The classic comedy film Crazy People concerns a marketing specialist with a revolutionary concept: absolute truth in advertising. This results in ads like “Buy a Volvo: They’re Boxy But They’re Good,” leading to complications for our protagonist–but the concept is actually fairly sound. Being completely honest, accurate and upfront about your product (including its faults) can greatly boost your credibility.

    Example of Funny Advertising for Volvo from 'Crazy People'

    This fake ad from the movie ‘Crazy People” was meant to be a joke, but being honest with your advertising (even regarding your product’s faults) is a good way to increase credibility.

    You should also never plagiarize your copy from other sources. It’s one thing to reference well-known quotes or stories (such as writing a print ad based on the story of the Three Little Pigs), but claiming credit for an idea that isn’t yours (such as using another company’s tagline) will compromise your entire message.

  7. Provide extra details about your brand

    The more data you can provide about your company and brand, the more reason prospects will have to trust you. This could include any of the following:

    • Contact information – If possible, provide info for multiple contact methods such as phone, e-mail, street address, etc. When customers call or e-mail you, make sure they talk to a human (not a recording or automatic bot) and always follow up right away. This lends extra legitimacy to your business.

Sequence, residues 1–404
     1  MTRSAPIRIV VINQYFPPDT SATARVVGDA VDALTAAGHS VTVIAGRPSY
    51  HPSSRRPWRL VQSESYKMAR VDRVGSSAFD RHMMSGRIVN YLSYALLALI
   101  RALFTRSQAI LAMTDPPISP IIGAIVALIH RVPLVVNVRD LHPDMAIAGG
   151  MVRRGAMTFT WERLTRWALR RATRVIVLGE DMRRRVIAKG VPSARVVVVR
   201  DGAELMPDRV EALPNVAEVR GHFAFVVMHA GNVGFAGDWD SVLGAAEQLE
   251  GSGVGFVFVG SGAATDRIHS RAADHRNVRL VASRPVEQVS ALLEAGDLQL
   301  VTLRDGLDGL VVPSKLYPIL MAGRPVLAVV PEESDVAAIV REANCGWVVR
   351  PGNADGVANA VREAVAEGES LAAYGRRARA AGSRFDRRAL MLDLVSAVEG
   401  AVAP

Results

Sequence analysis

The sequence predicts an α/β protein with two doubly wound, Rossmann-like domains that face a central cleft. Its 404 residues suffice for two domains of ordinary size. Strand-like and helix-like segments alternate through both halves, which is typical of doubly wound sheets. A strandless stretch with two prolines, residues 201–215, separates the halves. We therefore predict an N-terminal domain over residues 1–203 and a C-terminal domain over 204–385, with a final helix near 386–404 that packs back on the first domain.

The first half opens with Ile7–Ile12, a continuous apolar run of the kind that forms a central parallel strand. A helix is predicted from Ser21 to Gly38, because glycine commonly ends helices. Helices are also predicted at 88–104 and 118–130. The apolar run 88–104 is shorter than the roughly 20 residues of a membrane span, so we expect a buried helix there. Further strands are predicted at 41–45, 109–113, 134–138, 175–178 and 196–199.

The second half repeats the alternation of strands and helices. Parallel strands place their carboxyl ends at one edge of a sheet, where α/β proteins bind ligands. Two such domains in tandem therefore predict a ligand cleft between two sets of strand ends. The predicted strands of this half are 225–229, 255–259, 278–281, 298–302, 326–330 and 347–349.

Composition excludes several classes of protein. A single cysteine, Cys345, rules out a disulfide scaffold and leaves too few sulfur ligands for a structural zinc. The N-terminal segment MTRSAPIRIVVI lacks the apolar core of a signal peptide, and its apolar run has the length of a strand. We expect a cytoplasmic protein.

• History – Long-standing businesses tend to have a greater degree of credibility. If you’re highly experienced in your field, be sure to discuss how long you’ve been in business.
    • Affiliations – Being a part of a association of partnering companies or organizations can lend prestige and ethos to your advertising. For example, the Green Business Association provides a “Green Business” seal that eco-friendly companies can place on their materials.
    • Photos – Whether it’s a portrait of your CEO or a group shot of various employees, a photograph of the “face” of your company can help to assure audiences that your business is made up of real people (and not some faceless, shady character scamming people from the shadows). You should also consider including photographs of your product or service so that prospects have the chance to see it before they buy.
  8. Use testimonials

    Testimonials provide social proof, a phenomenon that leads audiences to take action based on the opinions of others. A positive testimonial from fellow consumers will make it easier for your audience to trust you.

    groSolar Ad with Cited Testimonial

    This print ad includes a testimonial and cites the source by name. Photo Credit: Zed Williams

    If possible, reach out to specific individuals whom your audience will recognize and ask for an endorsement. Potential customers will be more likely to trust quotes that come from a reputable source such as a well-known personality or community figure.

  9. Provide samples and demonstrations

    That old phrase “I’ll believe it when I see it” isn’t just a figure of speech. People have a tendency to trust products most when they can interact with them hands-on (or at the very least, see them in action).

    There are a variety of ways to implement this technique. You might record a video demonstration of your product or service and upload it to your company’s Youtube channel. Consider including a free product sample in your next mailer (as long as you’re offering a product that lends itself well to samples). You might also provide free consultations so that customers have a chance to interact with you (and your product) first-hand.

  10. Share your knowledge

    If you’re considered an expert in your field, you already have a fantastic source of credibility. Make that resource known by offering your knowledge to the rest of your community.